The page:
When asked Tuesday by The Globe and Mail if he was concerned about increased liability due to CannTrust’s NYSE listing and the sale of shares in the U.S., interim chief executive officer Robert Marcovitch said: “We have broad-based concerns. Our biggest concern, frankly, is working with Health Canada to bring the company into full regulatory compliance.” (Mr. Marcovitch made his comments before the company learned of the OSC investigation.)
CannTrust used exemptions under what’s called a “multijurisdictional disclosure system” to prepare its stock-offering documents for the May sale in accordance with Canadian, not U.S. disclosure requirements. CannTrust warned U.S. investors in the stock-sale prospectus that they may have difficulty getting any civil action enforced against the company because of its status as an Ontario corporation.
Still, U.S. class-action law firms have not been dissuaded. Several have issued news releases saying they’re investigating the matter, pursuing an action or otherwise representing investors. The law firm Pomerantz LLP and Robbins Geller Rudman and Dowd LLP, the two firms with the most class-action securities settlements in 2018, according to Institutional Shareholder Services, have both announced their interest in CannTrust. In Canada, Strosberg Sasso Sutts LLP said its counsel is involved in a proposed class action for non-U.S. holders of CannTrust’s Toronto Stock Exchange-listed shares.
“Absent the New York listing, it’s unlikely they would have been pursued in the U.S. in the way they’re being pursued now,” said Michael Robb, a lawyer with Toronto firm Siskinds LLP, which specializes in class-action lawsuits.
Since the Feb. 25 NYSE listing, investors have traded about 3.3 million CannTrust shares each trading day in New York, versus about 2.3 million each day in Toronto, according to Bloomberg data. That type of volume is more than sufficient to interest the U.S. law firms, Mr. Robb said.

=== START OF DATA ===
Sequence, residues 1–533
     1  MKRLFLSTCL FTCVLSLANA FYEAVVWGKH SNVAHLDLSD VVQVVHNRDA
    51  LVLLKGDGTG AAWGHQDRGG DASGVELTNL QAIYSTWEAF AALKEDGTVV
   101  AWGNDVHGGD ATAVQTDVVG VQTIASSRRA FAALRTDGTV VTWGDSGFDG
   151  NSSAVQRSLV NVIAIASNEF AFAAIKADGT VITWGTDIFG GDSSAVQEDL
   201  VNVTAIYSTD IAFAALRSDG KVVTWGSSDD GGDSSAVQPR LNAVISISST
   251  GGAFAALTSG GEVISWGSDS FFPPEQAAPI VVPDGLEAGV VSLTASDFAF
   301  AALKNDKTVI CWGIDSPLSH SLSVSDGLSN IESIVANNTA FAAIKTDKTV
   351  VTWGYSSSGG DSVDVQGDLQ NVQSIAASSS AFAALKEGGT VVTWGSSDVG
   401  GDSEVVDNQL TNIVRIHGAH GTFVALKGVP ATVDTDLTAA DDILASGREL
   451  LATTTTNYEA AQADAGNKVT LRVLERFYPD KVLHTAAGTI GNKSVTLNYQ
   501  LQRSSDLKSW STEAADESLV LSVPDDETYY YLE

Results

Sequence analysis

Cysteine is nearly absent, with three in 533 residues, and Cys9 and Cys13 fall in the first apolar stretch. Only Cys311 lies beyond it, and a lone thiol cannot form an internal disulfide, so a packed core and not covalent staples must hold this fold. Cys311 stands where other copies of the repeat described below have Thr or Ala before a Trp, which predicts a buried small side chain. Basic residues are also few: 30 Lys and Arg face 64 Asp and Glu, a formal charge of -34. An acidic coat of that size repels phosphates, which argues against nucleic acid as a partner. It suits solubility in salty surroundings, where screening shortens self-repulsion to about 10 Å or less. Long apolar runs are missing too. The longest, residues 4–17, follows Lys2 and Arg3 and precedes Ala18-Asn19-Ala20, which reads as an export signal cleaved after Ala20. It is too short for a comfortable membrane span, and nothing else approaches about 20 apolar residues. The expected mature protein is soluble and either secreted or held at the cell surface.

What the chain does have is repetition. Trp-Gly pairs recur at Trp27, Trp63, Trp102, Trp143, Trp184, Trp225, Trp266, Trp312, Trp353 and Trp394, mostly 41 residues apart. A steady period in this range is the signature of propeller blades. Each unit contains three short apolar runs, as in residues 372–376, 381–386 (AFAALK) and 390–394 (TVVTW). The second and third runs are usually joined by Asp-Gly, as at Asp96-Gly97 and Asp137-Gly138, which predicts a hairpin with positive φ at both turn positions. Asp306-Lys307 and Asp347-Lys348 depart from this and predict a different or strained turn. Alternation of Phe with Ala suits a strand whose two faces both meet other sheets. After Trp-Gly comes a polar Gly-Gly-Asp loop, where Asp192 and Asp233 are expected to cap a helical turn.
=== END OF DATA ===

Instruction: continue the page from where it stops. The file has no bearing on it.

Mr. Robb says Ontario law restricts civil liability for “secondary market” purchasers – investors who buy shares on an exchange, from another investor – to 5 per cent of a company’s market capitalization if there is a material misrepresentation in a prospectus. No such limit exists in the United States. “They don’t have the benefit of that cap.”
And, perversely, a company that manages to increase its market capitalization by virtue of a U.S. listing and additional trading demand, also increases its exposure, he says. (Mr. Robb says his firm is looking at the CannTrust situation and has spoken to investors, but has not made any public declaration of its intentions.)
Ms. Reicin also cited the higher level of U.S. trading volume as a reason why the SEC might want to take a significant role in any inquiries or investigation into CannTrust.
“I think the OSC and the SEC will probably have to figure out how they’re going work together on this,” she said. “I would say the OSC probably wants to take a leading role because it’s a Canadian company … they were primarily responsible for reviewing the disclosure. Then again, the SEC is still new to cannabis, so I suppose they’re going be very interested because they want to know what happened here and how do they make sure it doesn’t happen going forward?” she told The Globe and Mail Thursday.
With files from Mark Rendell